The European Union’s Copernicus Earth Observation Programme is probably the best mapping system in the world. It is also a great tool for innovative entrepreneurs. They can use the data gathered by the programme to create new products and new services — and the jobs and customers that go with them.
But first they have to know how to optimize the incredible mine of information provided by Copernicus’ satellites. That’s where Slovenian SME Sinergise comes in.
Backed by European funds from the Horizon 2020 programme, company founder Grega Milčinski and his teams have developed a solution called Sentinel Hub.
“With Copernicus, the amount of data has changed significantly, and these data, which are free and good quality, and useful for many cases, are also data which are technically complex,” Milčinski says. “With Sentinel Hub, we made it easier and more efficient to use”.
Sinergise’s customers include the global manufacturing giant Claas, a German company that makes agricultural machinery.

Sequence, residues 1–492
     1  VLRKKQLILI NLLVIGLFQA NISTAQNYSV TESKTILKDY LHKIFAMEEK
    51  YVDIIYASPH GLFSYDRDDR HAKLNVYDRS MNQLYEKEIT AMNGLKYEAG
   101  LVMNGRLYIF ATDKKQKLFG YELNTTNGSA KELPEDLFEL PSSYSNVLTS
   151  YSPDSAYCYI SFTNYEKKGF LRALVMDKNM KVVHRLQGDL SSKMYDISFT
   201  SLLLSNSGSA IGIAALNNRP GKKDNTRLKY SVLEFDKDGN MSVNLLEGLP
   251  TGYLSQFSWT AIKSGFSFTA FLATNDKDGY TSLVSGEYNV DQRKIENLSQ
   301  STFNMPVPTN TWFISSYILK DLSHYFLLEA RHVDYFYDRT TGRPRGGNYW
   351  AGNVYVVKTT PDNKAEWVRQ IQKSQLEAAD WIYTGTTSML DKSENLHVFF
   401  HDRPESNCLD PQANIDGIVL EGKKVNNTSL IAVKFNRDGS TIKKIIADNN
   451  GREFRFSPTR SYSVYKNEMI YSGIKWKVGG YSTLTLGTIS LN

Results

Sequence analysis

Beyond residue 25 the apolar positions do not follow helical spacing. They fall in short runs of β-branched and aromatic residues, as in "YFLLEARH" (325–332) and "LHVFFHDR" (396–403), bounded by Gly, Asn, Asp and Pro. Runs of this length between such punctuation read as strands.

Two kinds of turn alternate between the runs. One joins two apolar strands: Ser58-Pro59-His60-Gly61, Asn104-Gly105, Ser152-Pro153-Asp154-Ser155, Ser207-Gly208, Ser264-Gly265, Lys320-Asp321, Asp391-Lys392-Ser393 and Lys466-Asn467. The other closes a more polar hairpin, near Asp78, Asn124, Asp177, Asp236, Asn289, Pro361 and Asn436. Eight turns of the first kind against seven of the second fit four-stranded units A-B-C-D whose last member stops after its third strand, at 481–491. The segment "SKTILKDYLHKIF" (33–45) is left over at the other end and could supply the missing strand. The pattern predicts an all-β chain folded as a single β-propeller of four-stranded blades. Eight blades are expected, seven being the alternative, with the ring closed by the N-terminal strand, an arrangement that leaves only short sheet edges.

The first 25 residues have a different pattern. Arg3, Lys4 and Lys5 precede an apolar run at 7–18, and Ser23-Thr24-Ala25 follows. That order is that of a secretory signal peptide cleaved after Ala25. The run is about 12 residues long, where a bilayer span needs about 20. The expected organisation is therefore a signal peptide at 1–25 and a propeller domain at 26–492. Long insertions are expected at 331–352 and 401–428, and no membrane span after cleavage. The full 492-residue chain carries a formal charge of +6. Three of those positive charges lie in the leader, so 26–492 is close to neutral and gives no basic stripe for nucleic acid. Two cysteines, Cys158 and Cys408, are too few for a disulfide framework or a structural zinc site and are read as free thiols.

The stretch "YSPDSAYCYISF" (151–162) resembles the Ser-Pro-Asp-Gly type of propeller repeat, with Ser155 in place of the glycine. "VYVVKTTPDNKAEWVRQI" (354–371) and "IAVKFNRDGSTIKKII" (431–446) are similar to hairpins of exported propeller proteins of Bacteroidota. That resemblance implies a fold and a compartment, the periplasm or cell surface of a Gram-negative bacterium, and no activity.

Thanks to Sentinel Hub, Milčinski has developed Crop View, an application that allows new generation agricultural machines to be even more efficient.
“Crop View uses Copernicus data to detect differences in vegetation health and development state within any farmers’ fields boundaries,” explains Friedemann Scheibler, who works on specialist precision farming for Claas e-services.
“With this information, users get the opportunity to create application maps in a very easy and efficient way, download them, and put them directly on their machine”.
Scheibler says he is very happy with the application. First, because it was developed in just six months; and second, because it provides real added value for its customers.
“You will produce higher yields and better crop quality. You increase the efficiency of applied resources, such as fertilizers. And you limit your environmental (impact), through a more sustainable working practice”.
As for the Sinergise, it hasn’t stopped expanding: From eight employees 10 years ago, that number has grown to 45 today.
It also has customers all over the world.
“We have almost 5,000 users, ranging from a small orchid farm in South Africa to the large organisations like the EU satellite centre,” Milčinski says. “All of them are using Copernicus data to empower their business models. I like it!”